It’s hard to imagine the band topping Summerteeth, but they at the very least equaled it with the intense and unpredictable Yankee Hotel Foxtrot. Their label’s determination to shelve the album, finding it too experimental and uncommercial, makes for the fascinating subject of the documentary I Am Trying To Break Your Heart; suffice it to say, it’s impossible to listen to this without wondering what the label was thinking, as it just reeks of brilliance. A few tracks continue in a similar pop vein, like the rousing I’m The Man Who Loves You and the bubbly, nostalgic Heavy Metal Drummer; and the lovely ballad Jesus, Etc. seems to pick up where bits of Summerteeth left off, the song you might throw onto a mixtape to introduce a skeptical friend to the band. But there are also more challenging tracks, like the sonically adventurous (yet still catchy) I Am Trying to Break Your Heart, which you can see bewildering a record company exec expecting a return to Box Full Of Letters or Outtasite.

Though Wilco ultimately found a label to release Yankee, the saga was not without casualties, as multi-instrumentalist Jay Bennett ended up getting booted from the band. As Bennett had served as a creative foil to Tweedy, undoubtedly helping to drive the creative push of the past couple albums, it seemed inevitable that the follow-up would suffer by his absence. Yet Wilco miraculously managed a hat trick, as 2004’s A Ghost Is Born was nearly as captivating as its two predecessors (if perhaps marginally less stunning and immediate). It may lack the obvious alt-rock hit of prior albums, but there are still plenty of catchy stand-outs: Company In My Back is a dark yet bubbly mid-tempo tune that sounds like it would have worked fine on Yankee; album closer The Late Greats is a straight rock track that calls back to the band’s roots; and Theologians is an infectious charmer that gets you humming along. You’ve also got the extended groove of Spiders (Kidsmoke), the first of several Wilco tracks that would find the band vamping over a pulsating drone (songs that would translate particularly well to the live setting). My personal favorite here is Handshake Drugs, which starts out as another one of Tweedy’s percolating pop tracks before devolving into some crunchy feedback noise.

After a three-year break (during which the band released the old classic rock contract-fulfilling standby, a double-live album, drawn primarily from the three most recent releases), they returned with 2007’s Sky Blue Sky. And while it’s a pretty good, maybe great album, it doesn’t quite stand up to the three preceding studio records. The sound is a bit stripped down, many of the songs a little more no-frills. It still has a good share of winners – Either Way is quite nice; You Are My Face sports a sweet, folky vibe reminiscent of Mermaid Avenue (before launching into a noisy, almost grating rock bit); Hate It Here is a bluesy number with shades of Crazy Horse. The one song that really sounds of a piece with the prior album is Impossible Germany, a chiming, mid-tempo ballad with an extended closing jam that serves as a showpiece for new lead guitarist Nels Cline, whose guitar duels with Tweedy on the tune would become a highlight of the band’s live shows.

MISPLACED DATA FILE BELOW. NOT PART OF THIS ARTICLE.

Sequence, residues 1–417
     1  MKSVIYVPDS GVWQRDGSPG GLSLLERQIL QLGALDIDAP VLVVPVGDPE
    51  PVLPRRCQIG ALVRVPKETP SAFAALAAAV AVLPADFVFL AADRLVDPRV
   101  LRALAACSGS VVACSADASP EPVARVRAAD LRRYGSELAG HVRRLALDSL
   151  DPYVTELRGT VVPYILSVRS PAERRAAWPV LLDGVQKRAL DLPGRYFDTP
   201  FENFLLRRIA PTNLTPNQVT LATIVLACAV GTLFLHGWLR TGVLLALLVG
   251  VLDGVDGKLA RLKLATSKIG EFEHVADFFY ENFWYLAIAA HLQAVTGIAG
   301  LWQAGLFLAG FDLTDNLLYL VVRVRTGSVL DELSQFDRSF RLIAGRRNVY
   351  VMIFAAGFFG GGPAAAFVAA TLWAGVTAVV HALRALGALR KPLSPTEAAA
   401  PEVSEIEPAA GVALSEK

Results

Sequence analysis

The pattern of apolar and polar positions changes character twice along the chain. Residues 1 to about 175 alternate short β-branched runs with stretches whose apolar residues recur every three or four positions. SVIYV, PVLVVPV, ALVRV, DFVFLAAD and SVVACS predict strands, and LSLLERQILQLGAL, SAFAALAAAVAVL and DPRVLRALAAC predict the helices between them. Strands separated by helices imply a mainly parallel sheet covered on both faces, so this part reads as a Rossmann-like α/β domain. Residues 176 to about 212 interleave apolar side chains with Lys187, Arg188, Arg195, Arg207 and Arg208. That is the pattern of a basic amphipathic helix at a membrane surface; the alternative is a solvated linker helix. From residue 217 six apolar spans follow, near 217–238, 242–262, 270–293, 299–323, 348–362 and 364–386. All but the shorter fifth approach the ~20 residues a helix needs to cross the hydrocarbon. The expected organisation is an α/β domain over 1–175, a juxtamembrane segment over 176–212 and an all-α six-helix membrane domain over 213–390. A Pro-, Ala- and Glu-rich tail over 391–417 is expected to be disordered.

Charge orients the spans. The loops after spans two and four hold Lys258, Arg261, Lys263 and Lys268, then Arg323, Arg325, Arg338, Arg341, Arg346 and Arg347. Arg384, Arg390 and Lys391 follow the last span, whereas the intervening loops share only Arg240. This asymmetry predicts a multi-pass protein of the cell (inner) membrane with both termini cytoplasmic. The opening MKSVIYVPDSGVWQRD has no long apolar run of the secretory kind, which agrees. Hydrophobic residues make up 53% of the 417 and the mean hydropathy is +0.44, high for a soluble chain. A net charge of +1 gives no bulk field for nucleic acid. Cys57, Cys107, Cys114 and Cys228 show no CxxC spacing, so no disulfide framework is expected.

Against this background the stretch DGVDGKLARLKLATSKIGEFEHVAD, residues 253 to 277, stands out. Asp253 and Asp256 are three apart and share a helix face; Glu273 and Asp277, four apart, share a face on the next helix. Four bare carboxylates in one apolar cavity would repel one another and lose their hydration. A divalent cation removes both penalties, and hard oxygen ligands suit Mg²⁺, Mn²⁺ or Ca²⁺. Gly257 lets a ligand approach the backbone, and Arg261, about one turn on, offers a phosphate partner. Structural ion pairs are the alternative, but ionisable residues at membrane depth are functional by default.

(Oddly, one of the catchiest tracks recorded at that time was left off the album, available as a bonus track on some versions. The Thanks I Get – later included on a 4CD box set of outtakes, B-sides and live tracks – is a throwback to the old A.M./Being There-era Wilco, but benefits from being more instantly infectious than much of what ended up on Sky Blue.)

Alas, the band’s work in the years that followed has seen some diminishing returns. Now, don’t get me wrong – even their weakest albums have some memorable music; and I can’t completely discount the possibility that, having such tremendous love for the band’s prior albums, I just find myself less inclined to fully absorb the newer releases when Summerteeth and Yankee Hotel are sitting beside them on the shelf. But I do think the band has lost some of its creative steam, with Tweedy struggling to attach his musical and lyrical ideas to memorable hooks.

2009’s Wilco (The Album) has its moments. Lead-off track Wilco (The Song) is catchy enough, certainly relative to the rest of the album, though it may be just a little too cute. One Wing is solid, with a nice guitar line and more blazing work from Cline. And Bull Black Nova is another drony rocker along the lines of Kidsmoke (but, like that one, perhaps better live than on record). It’s actually grown on me over time (or perhaps my disappointment with some of their more recent work elevates it a bit in hindsight).

2011’s The Whole Love sees the band bouncing back. It’s not dramatically different stylistically from its predecessor, but the high points stand out a little more. It opens with yet another drone piece, but Art Of Almost makes better use of its sonic experimentation, a keyboard groove reminiscent of some of Pete Townshend’s loops (i.e. Eminence Front) battling with Cline’s guitars. (And, not to be redundant, but it’s a total barnburner on stage.) Dawned On Me is the closest thing to a radio-friendly pop tune from this run of albums, one that merits repeat listens. And a few other tracks are winning enough, like the catchy title track and the extended, almost Dylanesque extended narrative piece, One Sunday Morning, that closes the album.